Sunday, October 31, 2010

Editorial: And that's why the illegal war continues

As we noted two weeks ago ("Editorial: Media bites the people"), the media's been busy blaming everyone else for not talking about Iraq. Why, oh why -- they whine -- don't politicians talk about Iraq?

Because they're not being asked about it.

Last week, various 'campaign pieces' about Barack Obama's endless road trips to turn-out-the-vote began noticing that he either didn't mention Iraq at all in his speeches or reduced it to a brief sentence.

Journalists found that strange.

They didn't find it strange enough to ask about.

Nor did they factor it in to what was said Monday in a US State Department press briefing by spokesperson Philip J. Crowley, "Well, we have a Status of Forces Agreement and a strategic framework. The Status of Forces Agreement expires at the end of next year, and we are working towards complete fulfillment of that Status of Forces Agreement, which would include the withdrawal of all U.S. forces from Iraq by the end of next year. The nature of our partnership beyond next year will have to be negotiated. On the civilian side, we are committed to Iraq over the long term. We will have civilians there continuing to work with the government on a range of areas – economic development, rule of law, civil society, and so forth. But to the extent that Iraq desires to have an ongoing military-to-military relationship with the United States in the future, that would have to be negotiated. And that would be something that I would expect a new government to consider. [. . .] Should Iraq wish to continue the kind of military partnership that we currently have with Iraq, we're open to have that discussion."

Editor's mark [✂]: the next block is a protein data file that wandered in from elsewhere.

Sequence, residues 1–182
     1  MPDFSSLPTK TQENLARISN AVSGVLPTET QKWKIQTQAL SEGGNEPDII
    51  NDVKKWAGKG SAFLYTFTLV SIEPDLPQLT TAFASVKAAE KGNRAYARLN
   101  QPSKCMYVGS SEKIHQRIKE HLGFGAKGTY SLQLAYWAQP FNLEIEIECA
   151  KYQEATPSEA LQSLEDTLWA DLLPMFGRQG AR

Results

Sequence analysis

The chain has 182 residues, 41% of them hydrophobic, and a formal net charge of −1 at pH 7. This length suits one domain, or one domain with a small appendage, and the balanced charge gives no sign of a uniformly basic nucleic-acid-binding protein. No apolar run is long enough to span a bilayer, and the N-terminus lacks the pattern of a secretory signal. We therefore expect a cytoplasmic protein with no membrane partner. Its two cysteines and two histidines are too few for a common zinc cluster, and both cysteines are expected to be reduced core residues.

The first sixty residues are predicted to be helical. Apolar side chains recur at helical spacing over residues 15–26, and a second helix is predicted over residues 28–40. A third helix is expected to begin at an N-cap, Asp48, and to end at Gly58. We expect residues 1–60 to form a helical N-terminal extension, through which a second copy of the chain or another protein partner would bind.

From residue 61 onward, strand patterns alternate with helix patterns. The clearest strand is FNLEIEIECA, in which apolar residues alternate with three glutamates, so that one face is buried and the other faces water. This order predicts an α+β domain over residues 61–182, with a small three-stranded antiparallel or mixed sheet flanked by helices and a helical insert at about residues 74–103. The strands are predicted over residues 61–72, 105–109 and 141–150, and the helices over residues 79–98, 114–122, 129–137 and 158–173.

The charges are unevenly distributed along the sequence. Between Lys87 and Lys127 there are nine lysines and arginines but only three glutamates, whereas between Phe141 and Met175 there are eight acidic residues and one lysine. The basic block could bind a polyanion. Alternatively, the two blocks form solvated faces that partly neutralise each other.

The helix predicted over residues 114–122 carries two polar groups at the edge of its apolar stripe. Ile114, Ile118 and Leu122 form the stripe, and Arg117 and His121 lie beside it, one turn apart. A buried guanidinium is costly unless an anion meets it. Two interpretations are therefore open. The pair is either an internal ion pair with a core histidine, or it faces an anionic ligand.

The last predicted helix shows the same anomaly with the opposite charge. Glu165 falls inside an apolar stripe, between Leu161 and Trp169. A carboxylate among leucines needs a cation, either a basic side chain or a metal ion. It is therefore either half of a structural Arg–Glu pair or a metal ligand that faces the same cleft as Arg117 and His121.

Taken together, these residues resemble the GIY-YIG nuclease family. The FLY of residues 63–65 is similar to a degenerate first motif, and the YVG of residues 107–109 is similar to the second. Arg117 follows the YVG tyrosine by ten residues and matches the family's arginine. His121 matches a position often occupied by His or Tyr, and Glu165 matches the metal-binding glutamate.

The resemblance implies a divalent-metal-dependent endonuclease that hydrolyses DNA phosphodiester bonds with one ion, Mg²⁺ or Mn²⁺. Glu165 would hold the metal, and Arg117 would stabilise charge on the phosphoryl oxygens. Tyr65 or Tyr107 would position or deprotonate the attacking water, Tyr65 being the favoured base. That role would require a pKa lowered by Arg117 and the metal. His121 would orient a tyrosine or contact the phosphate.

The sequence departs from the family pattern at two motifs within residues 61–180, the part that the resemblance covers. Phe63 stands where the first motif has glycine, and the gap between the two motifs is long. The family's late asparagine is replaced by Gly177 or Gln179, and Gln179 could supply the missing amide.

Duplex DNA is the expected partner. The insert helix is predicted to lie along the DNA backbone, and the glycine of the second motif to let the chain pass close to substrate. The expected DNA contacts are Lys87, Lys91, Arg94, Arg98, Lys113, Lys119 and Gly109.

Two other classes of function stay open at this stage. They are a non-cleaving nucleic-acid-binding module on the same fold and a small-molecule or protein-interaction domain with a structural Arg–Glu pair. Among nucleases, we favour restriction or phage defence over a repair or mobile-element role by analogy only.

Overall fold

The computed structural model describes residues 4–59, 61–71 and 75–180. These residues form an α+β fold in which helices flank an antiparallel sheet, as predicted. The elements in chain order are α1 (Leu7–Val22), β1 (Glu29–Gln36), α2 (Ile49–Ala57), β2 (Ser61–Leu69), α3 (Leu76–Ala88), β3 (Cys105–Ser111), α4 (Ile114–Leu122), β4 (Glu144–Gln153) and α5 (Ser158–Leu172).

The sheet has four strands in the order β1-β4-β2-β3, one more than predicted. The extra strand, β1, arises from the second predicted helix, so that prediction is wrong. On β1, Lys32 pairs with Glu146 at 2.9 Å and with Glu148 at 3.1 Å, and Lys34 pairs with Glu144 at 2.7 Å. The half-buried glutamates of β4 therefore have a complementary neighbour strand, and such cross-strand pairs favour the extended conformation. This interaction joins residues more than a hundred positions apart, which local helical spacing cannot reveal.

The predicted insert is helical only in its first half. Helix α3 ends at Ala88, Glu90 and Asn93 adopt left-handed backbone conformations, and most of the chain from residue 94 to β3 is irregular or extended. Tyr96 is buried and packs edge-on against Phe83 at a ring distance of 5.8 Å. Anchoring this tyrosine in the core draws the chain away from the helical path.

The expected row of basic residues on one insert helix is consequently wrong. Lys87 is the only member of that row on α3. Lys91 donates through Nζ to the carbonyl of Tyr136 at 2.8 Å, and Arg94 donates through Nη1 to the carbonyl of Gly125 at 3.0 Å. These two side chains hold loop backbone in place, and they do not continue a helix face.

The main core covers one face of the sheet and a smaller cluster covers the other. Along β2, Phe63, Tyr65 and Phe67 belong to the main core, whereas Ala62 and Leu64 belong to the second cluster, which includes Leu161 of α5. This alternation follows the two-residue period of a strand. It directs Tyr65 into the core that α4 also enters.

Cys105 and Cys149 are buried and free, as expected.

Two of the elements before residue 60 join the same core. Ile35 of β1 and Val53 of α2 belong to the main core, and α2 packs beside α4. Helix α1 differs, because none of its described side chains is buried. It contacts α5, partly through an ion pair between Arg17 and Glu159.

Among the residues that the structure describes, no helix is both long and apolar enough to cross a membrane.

You would have thought that public statement -- witnessed by dozens of reporters -- would have made it into the news cycle . . . unless you've paid attention and noticed how hard media whores work to avoid anything 'messy.'


Wednesday, the Christian Science Monitor's editorial board declared "many experts predict Iraq will soon ask Mr. Obama to extend the time for US forces to stay, not only to protect the nation's fledgling democracy but to help Iraq survive as a nation in a hostile neighborhood. Iraq is far behind the schedule set in the 2008 security pact with the United States to bolster its military and police. Its ability to defend its borders and its oil fields -- both of which are critical to US interests -- is years away. And there is much doubt in Washington about the US State Department's ability to take over the American military's role in managing key security aspects of Iraq, such as Kurdish-Arab friction or forming new police forces." It went on to state that Barack needs to prepare Congress for this possibility.

But the American people?

They're not mentioned in the editorial.

They and their wishes were ignored in the lead up to the Iraq War and they will apparently also be ignored as whether to continue the Iraq War past 2011 is decided.

And don't count on Beggar Media to sound the alarms. While it's true their echo chamber will be done promoting the elections after Tuesday, they'll still be whoring for the Democratic Party.

Philip J. Crowley, the State Dept. spokesperson, declared last Monday that the White House is prepared to extend the military presence in Iraq past 2011 -- in complete violation of every remark Barack Obama has made as a candidate and as president. And no one felt this was newsworthy?

And that's why the illegal war continues.
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